World Library  
Flag as Inappropriate
Email this Article


Article Id: WHEBN0012277352
Reproduction Date:

Title: Eia-423  
Author: World Heritage Encyclopedia
Language: English
Subject: EIA-530
Publisher: World Heritage Encyclopedia


Standard EIA RS-423
Physical Media Group of copper cables
Network Topology Point-to-point, Multi-dropped
Maximum Devices 10 (1 driver & 10 receivers)
Maximum Distance 1200 metres (4000 feet)
Mode of Operation Single-ended (unbalanced)
Maximum Baud Rate Up to 100kbit/s
Voltage Levels -6V to +6V (maximum)
Mark(1) -4V to -6V
Space(0) +4V to +6V
Available Signals Tx, Rx, GND

RS/EIA/TIA-423 is a standard for serial communications. It defines an unbalanced (single-ended) interface (similar to RS-232), with a single, unidirectional sending driver, and allows for up to 10 receivers (similar to RS-422). It is normally implemented in integrated circuit technology and can also be employed for the interchange of serial binary signals between DTE & DCE. There is no common pinout for RS-423. The BBC Micro computer used a 5-pin DIN connector. DEC used it extensively with a Modified Modular Jack connector. This was sometimes called "DEC-423".

Use of a common ground is one weakness of RS-423 (and RS-232): if devices are far enough apart or on separate power systems, the ground will degrade between them and communications will fail, resulting in a condition that is difficult to trace. In this respect the balanced serial connections USB, RS-422 and RS-485 are better,[1] and Ethernet over twisted pair connections are better yet, because of the galvanic isolation provided by the signal transformers.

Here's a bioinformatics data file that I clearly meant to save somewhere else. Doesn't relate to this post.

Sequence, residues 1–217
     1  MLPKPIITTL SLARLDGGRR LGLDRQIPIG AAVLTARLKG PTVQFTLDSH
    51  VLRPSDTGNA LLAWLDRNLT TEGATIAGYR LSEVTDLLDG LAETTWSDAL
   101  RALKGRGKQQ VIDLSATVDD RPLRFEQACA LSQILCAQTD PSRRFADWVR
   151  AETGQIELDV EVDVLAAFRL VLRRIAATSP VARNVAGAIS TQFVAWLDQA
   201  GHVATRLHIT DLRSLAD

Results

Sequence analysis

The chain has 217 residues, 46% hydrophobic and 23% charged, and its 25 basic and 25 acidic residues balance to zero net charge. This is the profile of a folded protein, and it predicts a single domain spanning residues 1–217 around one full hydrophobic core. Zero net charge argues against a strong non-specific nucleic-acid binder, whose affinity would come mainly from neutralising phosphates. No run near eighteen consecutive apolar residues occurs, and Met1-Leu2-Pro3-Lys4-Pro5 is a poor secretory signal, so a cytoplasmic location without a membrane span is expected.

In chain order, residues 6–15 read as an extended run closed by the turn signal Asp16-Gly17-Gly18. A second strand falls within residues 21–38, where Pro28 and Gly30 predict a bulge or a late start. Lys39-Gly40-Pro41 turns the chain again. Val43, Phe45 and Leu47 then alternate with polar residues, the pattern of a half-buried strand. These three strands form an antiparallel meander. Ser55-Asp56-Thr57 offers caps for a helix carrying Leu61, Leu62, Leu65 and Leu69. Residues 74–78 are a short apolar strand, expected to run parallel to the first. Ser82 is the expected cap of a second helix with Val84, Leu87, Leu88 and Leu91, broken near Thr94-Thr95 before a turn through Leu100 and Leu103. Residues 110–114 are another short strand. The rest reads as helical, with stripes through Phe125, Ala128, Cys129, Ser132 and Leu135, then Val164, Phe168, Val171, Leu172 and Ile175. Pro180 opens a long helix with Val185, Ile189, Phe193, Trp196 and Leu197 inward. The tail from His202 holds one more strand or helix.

See also


External links

  • RS-423 specification
  • Diagram of pin connections for BBC micro

cs:RS-422 de:EIA-422 es:RS-422 ko:RS-422 hr:RS-422 it:EIA RS-422 nl:RS-422 ja:EIA-422 pl:RS-422 pt:EIA-422 ru:EIA-422 zh:EIA-422

This article was sourced from Creative Commons Attribution-ShareAlike License; additional terms may apply. World Heritage Encyclopedia content is assembled from numerous content providers, Open Access Publishing, and in compliance with The Fair Access to Science and Technology Research Act (FASTR), Wikimedia Foundation, Inc., Public Library of Science, The Encyclopedia of Life, Open Book Publishers (OBP), PubMed, U.S. National Library of Medicine, National Center for Biotechnology Information, U.S. National Library of Medicine, National Institutes of Health (NIH), U.S. Department of Health & Human Services, and, which sources content from all federal, state, local, tribal, and territorial government publication portals (.gov, .mil, .edu). Funding for and content contributors is made possible from the U.S. Congress, E-Government Act of 2002.
Crowd sourced content that is contributed to World Heritage Encyclopedia is peer reviewed and edited by our editorial staff to ensure quality scholarly research articles.
By using this site, you agree to the Terms of Use and Privacy Policy. World Heritage Encyclopedia™ is a registered trademark of the World Public Library Association, a non-profit organization.

Copyright © World Library Foundation. All rights reserved. eBooks from Project Gutenberg are sponsored by the World Library Foundation,
a 501c(4) Member's Support Non-Profit Organization, and is NOT affiliated with any governmental agency or department.